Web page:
Technocrats: Pakistan’s Last Hope
A technocracy is a government in which the decision-makers are chosen for a governing office based on their technical expertise and background. A technocracy differs from a traditional democracy, in that individuals elected to a leadership role are chosen through a process that emphasizes their relevant skills and proven performance, as opposed to whether or not they come into office through popular demand. Although the original form of a technocracy has softened and evolved over the years, the school of thought suggests that decisions made by technocrats would be based on information derived from methodology rather than opinion.
Is corruption, coupled with illiteracy and feudalism, destroying Pakistan? One cannot argue against democracy, as this form of government represents the true voice of the people. That said, do the Pakistani people have a voice? Or do a majority of voters just follow the trumpets of their feudal lords? If this stands true, then how can this pseudo democracy help Pakistan gain the glory its founding fathers had envisioned?
Pakistan is at the stage where technical knowledge and a fool proof strategy are required to pull the country out of multiple crises. Pakistan will not be the first country to adapt this strategy, albeit temporarily; the United States introduced technocrats into their governing system during the Great Depression.
In recent times, it was also suggested for Crimea by world leaders to help the city govern itself effectively through annexation. Rumors of technocrats are surfacing in Europe to help the EU out of a financial crisis. Africa itself is now looking towards technocrats to stabilize the continent and to bring struggling nations up to par with Kenya and South Africa.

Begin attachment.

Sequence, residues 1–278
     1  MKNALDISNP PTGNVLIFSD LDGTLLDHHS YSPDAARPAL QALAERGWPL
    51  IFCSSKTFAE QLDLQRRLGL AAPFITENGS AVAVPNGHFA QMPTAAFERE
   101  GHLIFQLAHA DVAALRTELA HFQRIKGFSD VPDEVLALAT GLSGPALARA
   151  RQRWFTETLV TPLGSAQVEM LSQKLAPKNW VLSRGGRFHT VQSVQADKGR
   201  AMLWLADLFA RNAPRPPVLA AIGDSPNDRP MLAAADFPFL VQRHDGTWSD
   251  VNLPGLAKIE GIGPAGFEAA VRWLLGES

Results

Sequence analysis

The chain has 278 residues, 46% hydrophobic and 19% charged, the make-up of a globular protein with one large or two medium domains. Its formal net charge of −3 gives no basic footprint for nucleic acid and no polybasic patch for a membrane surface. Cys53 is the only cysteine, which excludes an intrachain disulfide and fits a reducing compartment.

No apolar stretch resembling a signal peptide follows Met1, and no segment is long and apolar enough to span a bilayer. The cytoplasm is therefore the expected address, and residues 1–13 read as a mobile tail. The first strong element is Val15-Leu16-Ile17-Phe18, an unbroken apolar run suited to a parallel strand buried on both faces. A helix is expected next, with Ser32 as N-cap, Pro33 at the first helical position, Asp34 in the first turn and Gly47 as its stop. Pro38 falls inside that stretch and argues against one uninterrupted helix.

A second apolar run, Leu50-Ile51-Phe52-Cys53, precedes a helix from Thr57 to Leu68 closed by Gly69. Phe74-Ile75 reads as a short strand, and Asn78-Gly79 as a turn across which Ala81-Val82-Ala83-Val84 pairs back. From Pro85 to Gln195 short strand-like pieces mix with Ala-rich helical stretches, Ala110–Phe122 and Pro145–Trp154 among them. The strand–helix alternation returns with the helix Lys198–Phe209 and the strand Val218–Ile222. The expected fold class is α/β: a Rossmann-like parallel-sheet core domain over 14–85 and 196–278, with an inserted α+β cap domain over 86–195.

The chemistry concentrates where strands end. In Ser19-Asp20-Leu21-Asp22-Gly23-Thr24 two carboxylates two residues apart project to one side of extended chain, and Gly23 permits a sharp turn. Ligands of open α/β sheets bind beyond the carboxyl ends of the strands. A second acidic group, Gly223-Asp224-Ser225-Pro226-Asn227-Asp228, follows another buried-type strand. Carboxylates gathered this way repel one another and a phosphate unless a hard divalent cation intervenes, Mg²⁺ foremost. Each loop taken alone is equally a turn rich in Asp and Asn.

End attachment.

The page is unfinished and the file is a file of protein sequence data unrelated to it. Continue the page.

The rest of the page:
Since the early 1980s, post-Mao China has been governed by three generations of technocratic leadership. In present day China, more and more men and women in the government are specifically trained for the posts and or ministries that they are in charge of. The results are clear as China is stepping into the shoes of a World Power with an ever growing middle class and spending power to support it.
Pakistan has excelled during military rule as dictators have directed technocrats into leadership roles, hence decisions were made not for popularity but to increase GDP and productivity of the nation. Hence we saw higher growth during martial law. A relevant example of a technocrat in the Pakistani system would be Shaukat Aziz, a former banker for Citibank who revolutionized the country’s economic strategies. During his tenure as a finance minister and prime minister of the country, Pakistan saw a rise in its GDP, leading to a flourishing economy and international recognition.
Pakistan is at a crossroad and democracy in Pakistan is not and has not worked for the following two primary reasons; It can keep spiraling downwards with ministers who have fake degrees and are incompetent for the ministries that they hold. It is a country which is governed by feudal lords who come into power with autonomy, hence the essence of the voice of the people is lost even before votes are cast. Until land reforms are introduced, the masses will remain at the mercy of these leaders.
The 2013 elections are stained with rigging, to the extent that the ruling government’s Railway minister, Khawaja Saad Rafique, was caught red handed stamping ballot booklets. Although this video became viral on local news channels across the country, no legal actions were taken by the judiciary, which is famously known to be in bed with the ruling PMLN party.
Technocrats serving a full term and then a transitional one will guide the nation back unto the path of Jinnah’s vision. Ministers in order to gain access to party tickets have to pay a hefty fee and they spend their tenure in government making up for the dent through corruption. MQM (Mutihida Quami Movement) is the only party in Pakistan to issue tickets based on merit then a ticket price. Therefore Karachi flourished the most during the Pervez Musharraf era which gave the MQM funds. During that era, Karachi saw massive development. However, democratic governments that followed slashed the city’s budgets close to nil. Interestingly enough, Karachi is contributes to over 60 percent of the countries economy.
Injection of technocrats into the system will keep the appointed ministers and people focused on their tasks, which would not only stabilize the county but also the region. Technocrats would also try to better ties with India unlike politicians who use anti-India slogans to gain popularity amongst the people.
If you're interested in writing for International Policy Digest - please send us an email via email@example.com